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10 movies that offended foreign governments

Published: Monday, July 21 2014 12:20 a.m. MDT

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North Korea has recently issued threats against the United States based on James Franco and Seth Rogan's upcoming comedy "The Interview," which features an assassination plot against North Korean president Kim Jong Un. As it turns out, this film is nowhere near the first movie to aggravate a nation. Compiled here is a list of films that have, for one reason or another, offended foreign governments.
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DGDENTON
Gainesville, TX

There are plenty movies portraying the US in a bad light. I just don't watch those I find offensive. I;ve walked out of the theater before when I see a movie that is offensive to me and I can do it again. To be offended is the price we pay for free speech. "Frankly, my dear, I don't give a damn"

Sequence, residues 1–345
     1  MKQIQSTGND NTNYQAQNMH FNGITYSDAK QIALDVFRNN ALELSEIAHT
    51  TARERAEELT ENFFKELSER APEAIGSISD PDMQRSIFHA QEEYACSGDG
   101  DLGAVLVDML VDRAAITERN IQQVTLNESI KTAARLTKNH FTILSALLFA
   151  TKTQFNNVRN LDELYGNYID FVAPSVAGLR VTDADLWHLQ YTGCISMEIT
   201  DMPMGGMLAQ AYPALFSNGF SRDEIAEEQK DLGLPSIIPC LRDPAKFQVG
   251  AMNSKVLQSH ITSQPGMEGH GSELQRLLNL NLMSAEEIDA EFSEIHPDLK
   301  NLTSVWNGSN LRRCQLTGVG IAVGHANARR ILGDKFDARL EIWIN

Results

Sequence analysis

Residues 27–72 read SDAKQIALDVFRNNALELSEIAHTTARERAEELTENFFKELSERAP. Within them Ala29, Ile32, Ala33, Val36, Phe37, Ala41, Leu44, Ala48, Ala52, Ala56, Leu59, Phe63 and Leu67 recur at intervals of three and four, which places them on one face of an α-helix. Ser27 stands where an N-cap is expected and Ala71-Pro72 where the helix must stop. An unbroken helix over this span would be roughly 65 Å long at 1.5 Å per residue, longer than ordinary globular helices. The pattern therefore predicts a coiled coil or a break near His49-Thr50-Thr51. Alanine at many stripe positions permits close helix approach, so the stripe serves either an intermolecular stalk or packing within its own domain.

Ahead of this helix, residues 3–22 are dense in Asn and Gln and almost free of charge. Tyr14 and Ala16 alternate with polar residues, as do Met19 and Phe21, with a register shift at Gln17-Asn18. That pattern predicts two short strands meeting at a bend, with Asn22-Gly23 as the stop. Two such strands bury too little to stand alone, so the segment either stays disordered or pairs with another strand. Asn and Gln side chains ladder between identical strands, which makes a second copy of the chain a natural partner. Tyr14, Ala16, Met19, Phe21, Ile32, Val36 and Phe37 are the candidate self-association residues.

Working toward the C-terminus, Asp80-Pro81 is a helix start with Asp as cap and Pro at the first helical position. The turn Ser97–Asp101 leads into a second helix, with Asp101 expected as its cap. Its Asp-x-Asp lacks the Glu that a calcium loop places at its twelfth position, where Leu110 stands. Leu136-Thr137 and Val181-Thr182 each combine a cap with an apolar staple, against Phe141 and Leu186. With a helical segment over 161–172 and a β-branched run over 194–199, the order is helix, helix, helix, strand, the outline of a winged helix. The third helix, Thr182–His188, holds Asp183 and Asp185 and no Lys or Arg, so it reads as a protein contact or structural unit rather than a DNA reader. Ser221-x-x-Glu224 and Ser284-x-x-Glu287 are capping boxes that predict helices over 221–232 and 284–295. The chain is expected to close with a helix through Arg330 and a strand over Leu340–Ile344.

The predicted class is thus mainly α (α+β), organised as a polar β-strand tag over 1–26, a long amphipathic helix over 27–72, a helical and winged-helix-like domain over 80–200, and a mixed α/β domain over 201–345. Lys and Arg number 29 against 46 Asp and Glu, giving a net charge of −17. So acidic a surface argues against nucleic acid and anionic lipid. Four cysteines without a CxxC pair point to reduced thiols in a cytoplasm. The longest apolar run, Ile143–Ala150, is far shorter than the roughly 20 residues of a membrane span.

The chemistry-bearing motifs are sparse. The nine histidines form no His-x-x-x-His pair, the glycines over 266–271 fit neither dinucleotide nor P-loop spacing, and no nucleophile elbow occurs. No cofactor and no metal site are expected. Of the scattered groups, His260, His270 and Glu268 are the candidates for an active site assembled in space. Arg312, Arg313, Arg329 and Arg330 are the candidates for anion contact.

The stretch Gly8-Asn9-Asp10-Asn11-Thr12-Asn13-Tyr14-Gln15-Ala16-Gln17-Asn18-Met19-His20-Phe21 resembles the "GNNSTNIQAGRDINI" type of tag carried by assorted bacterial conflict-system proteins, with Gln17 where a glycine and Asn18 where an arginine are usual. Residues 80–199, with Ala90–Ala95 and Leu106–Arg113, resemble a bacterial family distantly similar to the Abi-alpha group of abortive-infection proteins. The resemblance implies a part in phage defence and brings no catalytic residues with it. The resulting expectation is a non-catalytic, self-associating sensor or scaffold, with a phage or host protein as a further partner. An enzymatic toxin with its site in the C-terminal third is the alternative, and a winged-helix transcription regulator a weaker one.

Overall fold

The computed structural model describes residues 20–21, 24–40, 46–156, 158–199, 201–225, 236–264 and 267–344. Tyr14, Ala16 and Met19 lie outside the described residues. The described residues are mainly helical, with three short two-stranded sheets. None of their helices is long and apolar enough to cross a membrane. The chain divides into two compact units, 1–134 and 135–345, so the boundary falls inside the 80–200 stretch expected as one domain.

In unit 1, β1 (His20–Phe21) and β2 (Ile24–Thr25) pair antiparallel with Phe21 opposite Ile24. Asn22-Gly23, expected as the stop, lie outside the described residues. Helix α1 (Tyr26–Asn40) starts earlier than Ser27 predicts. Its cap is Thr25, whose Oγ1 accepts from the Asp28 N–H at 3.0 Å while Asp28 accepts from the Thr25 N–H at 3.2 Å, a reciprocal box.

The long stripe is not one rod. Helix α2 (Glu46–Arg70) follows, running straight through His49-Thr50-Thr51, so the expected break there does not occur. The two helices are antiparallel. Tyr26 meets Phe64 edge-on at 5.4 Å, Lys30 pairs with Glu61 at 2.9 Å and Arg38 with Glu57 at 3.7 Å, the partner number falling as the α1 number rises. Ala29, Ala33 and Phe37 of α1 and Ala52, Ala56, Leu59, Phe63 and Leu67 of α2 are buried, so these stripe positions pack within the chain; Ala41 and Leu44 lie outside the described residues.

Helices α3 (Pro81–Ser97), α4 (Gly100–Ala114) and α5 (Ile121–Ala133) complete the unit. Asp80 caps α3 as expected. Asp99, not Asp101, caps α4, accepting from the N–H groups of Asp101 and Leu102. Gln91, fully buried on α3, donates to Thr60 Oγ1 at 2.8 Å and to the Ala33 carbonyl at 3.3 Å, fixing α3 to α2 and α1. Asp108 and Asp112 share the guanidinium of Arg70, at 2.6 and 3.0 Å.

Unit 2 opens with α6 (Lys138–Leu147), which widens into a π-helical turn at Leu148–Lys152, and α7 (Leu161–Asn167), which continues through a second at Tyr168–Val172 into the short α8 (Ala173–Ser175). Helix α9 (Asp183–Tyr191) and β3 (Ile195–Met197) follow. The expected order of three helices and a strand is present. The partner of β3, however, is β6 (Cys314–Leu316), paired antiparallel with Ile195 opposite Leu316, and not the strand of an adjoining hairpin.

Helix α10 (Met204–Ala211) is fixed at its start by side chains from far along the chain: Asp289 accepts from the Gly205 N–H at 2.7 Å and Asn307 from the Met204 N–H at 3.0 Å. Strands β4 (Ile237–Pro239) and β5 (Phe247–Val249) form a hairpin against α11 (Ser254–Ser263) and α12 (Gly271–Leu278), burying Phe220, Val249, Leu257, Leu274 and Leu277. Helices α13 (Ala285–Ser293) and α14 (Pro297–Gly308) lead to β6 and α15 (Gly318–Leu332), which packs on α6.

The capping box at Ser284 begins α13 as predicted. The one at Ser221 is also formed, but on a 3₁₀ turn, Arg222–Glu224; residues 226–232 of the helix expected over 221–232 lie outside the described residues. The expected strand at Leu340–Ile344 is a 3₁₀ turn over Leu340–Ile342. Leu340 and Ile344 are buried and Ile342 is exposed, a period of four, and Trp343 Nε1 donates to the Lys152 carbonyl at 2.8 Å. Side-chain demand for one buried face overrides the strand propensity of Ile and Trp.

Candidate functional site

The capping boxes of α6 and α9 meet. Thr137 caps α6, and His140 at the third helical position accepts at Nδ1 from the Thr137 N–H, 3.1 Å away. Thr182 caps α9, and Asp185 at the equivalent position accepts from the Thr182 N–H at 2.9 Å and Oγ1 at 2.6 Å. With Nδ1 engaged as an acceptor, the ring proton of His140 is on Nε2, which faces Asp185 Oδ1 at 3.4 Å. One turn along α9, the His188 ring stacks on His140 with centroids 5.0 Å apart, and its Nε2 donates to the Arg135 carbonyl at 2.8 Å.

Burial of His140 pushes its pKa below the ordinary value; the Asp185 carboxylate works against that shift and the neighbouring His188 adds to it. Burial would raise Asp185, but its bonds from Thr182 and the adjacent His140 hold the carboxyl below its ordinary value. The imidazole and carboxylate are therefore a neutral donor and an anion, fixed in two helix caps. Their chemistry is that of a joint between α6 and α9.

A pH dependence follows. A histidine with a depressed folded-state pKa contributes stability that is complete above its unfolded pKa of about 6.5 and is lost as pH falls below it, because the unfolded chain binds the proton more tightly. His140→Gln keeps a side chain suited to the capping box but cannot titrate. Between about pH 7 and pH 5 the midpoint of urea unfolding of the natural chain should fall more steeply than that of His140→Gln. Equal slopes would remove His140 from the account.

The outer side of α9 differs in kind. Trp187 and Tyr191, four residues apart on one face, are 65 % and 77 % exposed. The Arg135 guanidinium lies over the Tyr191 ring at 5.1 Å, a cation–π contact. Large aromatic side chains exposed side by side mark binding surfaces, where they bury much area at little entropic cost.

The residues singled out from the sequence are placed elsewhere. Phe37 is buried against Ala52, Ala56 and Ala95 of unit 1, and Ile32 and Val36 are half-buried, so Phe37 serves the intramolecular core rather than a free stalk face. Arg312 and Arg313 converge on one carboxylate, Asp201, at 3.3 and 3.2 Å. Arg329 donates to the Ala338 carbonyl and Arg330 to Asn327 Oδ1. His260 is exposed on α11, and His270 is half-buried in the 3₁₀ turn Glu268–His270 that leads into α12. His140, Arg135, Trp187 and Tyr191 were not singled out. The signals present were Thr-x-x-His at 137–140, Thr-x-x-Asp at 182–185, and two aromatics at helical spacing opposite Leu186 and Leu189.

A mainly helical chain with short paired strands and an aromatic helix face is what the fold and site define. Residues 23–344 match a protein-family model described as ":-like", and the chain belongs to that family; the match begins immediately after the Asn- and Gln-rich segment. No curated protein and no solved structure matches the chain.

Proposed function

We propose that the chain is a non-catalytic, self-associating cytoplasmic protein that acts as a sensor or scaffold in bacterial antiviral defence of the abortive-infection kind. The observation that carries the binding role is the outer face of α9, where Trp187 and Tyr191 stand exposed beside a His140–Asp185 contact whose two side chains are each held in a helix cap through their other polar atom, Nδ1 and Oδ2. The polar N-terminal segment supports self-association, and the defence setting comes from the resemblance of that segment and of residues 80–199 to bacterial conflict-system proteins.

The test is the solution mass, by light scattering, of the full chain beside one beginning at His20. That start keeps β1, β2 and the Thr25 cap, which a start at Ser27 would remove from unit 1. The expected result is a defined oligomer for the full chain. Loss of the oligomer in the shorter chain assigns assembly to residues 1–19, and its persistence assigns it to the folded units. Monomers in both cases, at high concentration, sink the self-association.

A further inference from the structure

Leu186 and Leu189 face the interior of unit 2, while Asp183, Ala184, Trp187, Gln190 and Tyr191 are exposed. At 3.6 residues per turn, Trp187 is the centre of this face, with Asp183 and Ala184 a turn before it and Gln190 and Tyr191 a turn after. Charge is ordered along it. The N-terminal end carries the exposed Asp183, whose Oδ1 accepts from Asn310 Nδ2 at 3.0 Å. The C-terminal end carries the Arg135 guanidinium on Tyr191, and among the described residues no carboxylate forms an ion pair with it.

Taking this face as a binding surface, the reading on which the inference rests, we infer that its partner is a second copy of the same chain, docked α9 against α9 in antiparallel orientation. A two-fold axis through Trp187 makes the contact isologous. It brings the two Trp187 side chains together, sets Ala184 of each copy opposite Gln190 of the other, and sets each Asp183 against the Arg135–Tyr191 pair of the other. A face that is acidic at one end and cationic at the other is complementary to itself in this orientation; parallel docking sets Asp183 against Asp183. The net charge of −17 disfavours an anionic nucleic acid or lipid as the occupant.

Howard Beal
Provo, UT

I for one don't apologize that movies like Cry Freedom made apartheid in South Africa look bad, nor do I feel bad that a movie like Seven Years in Tibet made the Chinese feel bad either.

cjb
Bountiful, UT

The president of North Korea imports expensive food for himself, while many North Koreans starve. He isn't worth making a complimentary movie about.

esodije
ALBUQUERQUE, NM

"Midnight Express" - most of it was made up, but it sure made Turkey look bad.

Howard Beal
Provo, UT

One of the best movies ever with one of the best Jack Lemmon movies ever. The movie is called "Missing." It's about an American journalist that goes missing in Chile in 1973 when Pinochet took over the government. It didn't make Chile look very good, the thing is not once was Chile mentioned in the movie but they still hated it. It also made the American diplomats look really bad, one even sued.

GK Willington
Salt Lake City, UT

to cjb

"The president of North Korea imports expensive food for himself, while many North Koreans starve. He isn't worth making a complimentary movie about."

Never saw Team America: world police did ya?

Hutterite
American Fork, UT

I'm glad hollywood offends North Korea so much. We have few ways to inform them of the offense of the activities of their state, but movies seem to.

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